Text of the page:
By RABBI BOB ALPER
A new congregant might have been confused.
Erev Rosh Hashanah, just prior to the beginning of services, and a fully-packed van pulled up to the synagogue’s main entrance. Its passengers alighted, coifed and costumed much like the other worshippers. Only, on the side of the van there was a sign reading “Bethlehem Baptist Church. Rev. Robert Scott Jones, Pastor.”
A visiting Christian group on Rosh Hashanah? Hardly. The van was on loan, an annual tradition in which our neighboring church helped us ferry our members from an overflow parking lot half a mile away.
Rev. Jones and I were friends, meeting for lunch once a month or so, often discussing issues in our profession. Some would call our conversations “interreligious exchanges.” We referred to them as “small group therapy.”
One winter afternoon I nearly choked on my tuna hoagie as he matter-of-factly related how, in his black Baptist church, he had the power to appoint and dismiss all the members of the board of trustees. I looked skeptical. He gave a confirming nod, and then, with a smile, abused me further. “Sure. I even run the meetings. Why not sit in on one of them?”
Which I did.
Actually, there are many fundamental similarities between a black Baptist and a liberal Jewish governing body. Both groups are comprised of generally earnest, dedicated people, willing to offer precious time doing mundane, sometimes difficult tasks, for a much higher purpose.
And I discovered a fascinating “surface” resemblance between the two: In the black Baptist church, when a person makes a point with which people agree, heads bob up and down, and soft voices can be heard saying, “Amen, sister.” At a synagogue board meeting, when a person makes a point with which people agree, heads also bob up and down, but the soft voices murmur something like, “You know, I think Bernice is right.”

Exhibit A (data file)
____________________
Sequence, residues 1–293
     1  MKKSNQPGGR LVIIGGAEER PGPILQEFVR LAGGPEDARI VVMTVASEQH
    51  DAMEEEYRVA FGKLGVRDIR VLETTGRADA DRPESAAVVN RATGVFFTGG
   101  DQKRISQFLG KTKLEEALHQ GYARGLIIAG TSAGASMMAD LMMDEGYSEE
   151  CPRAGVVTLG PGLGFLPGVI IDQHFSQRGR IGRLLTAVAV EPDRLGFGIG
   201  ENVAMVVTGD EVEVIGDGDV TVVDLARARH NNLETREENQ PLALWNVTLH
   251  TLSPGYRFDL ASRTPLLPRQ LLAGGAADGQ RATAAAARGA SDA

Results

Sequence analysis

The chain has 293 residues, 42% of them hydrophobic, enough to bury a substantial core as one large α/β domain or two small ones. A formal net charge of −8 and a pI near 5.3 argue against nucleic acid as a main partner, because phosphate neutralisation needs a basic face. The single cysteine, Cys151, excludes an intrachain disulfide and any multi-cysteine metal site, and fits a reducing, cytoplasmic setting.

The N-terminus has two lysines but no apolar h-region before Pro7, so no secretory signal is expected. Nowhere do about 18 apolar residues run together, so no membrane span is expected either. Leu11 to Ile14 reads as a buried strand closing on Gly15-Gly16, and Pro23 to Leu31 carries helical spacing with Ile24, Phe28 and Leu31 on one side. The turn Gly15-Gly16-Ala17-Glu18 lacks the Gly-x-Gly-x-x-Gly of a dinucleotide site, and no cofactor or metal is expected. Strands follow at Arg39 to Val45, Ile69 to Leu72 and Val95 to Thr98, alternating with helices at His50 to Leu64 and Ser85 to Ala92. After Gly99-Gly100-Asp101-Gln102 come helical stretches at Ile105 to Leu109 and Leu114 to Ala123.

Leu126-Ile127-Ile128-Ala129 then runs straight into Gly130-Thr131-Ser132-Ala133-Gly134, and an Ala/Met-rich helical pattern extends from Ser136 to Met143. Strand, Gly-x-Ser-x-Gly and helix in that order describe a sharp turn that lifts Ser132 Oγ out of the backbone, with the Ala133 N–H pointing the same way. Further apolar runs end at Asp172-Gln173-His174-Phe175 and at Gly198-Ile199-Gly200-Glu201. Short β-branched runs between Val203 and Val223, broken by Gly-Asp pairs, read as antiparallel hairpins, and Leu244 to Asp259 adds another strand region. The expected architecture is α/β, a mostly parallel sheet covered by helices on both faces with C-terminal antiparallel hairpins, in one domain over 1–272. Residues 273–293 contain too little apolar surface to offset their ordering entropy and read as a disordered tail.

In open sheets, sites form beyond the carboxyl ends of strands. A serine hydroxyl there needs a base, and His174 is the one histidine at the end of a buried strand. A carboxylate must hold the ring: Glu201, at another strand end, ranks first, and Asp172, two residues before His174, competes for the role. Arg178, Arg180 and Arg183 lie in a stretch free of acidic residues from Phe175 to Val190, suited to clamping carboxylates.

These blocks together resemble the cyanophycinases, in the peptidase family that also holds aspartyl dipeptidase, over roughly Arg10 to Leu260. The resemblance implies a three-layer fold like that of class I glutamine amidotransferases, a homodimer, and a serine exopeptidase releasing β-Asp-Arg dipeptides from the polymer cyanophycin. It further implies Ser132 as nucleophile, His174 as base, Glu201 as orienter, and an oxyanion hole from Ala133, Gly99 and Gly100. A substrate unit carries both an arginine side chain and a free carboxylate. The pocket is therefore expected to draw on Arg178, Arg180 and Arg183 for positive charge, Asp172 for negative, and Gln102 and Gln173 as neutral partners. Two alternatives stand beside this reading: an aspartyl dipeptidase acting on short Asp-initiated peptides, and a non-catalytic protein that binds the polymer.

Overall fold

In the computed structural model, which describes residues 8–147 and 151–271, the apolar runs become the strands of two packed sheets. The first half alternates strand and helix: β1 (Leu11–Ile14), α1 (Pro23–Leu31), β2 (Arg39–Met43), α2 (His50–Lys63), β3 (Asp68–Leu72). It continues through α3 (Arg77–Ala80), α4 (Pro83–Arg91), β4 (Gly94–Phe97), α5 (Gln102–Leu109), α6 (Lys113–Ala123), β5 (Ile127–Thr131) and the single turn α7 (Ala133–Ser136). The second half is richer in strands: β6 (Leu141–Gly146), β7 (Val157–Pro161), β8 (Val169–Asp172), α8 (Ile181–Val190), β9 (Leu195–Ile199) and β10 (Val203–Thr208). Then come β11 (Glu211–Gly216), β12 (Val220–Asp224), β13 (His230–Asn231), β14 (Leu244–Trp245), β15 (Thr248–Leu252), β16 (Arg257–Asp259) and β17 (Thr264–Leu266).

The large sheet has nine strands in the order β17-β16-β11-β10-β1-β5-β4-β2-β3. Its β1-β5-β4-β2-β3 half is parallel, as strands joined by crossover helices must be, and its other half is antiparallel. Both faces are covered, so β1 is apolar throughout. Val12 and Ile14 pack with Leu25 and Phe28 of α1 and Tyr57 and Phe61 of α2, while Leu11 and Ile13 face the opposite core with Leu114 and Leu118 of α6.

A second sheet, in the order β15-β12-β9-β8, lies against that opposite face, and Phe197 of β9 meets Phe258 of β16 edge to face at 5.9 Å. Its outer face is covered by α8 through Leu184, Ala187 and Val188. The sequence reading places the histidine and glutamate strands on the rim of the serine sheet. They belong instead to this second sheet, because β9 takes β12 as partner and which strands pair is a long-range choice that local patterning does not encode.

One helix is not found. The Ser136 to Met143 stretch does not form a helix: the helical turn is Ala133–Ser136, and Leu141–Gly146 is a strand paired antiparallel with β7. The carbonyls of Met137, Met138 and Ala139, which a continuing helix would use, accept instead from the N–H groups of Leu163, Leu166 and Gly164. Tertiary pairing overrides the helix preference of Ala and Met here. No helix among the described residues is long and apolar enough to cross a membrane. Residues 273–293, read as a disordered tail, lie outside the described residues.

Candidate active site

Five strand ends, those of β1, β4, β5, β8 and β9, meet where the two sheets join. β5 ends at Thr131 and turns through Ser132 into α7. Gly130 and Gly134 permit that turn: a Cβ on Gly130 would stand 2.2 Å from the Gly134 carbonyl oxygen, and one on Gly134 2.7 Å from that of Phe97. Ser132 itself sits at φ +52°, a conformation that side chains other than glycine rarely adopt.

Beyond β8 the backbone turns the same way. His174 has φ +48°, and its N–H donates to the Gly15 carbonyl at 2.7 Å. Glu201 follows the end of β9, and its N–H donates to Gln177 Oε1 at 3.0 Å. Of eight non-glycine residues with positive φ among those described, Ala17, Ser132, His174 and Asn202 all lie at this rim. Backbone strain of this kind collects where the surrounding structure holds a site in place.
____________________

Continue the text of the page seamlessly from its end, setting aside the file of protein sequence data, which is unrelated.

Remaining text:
Inspired by my friend Robert’s system, I occasionally tried to influence the composition of our board by recommending my “allies” to the nominating committee. Included in that lofty list was one woman who had been deeply appreciative of my attentiveness during a serious crisis. A supporter for certain, I figured. And she was. Until she caught the rhythm of the meetings, and by her third month in office, developed a frequently-repeated habit of offering statements beginning, “Now, with all due respect to the rabbi…” That’s when my dentist noticed I seemed to be grinding my teeth.
Once, I really did take control. A critical, emotional issue was coming up for a vote, and the board members were tense and divided. How to keep a lid on things, how to maintain an atmosphere of calm, with feelings running so high?
Here’s what I did: I was then teaching a course in Judaism at a nearby Catholic college. The dean of our department was friendly and curious about the workings of a synagogue, so I invited her to see us “up close and personal,” at a meeting of our leadership. She was delighted to accept my invitation, and attended on that perilous night.
In full nun’s habit.
It was the most polite meeting in our congregation’s history.
(Rabbi Bob Alper is a stand-up comic and author. Visit him at www.bobalper.com.)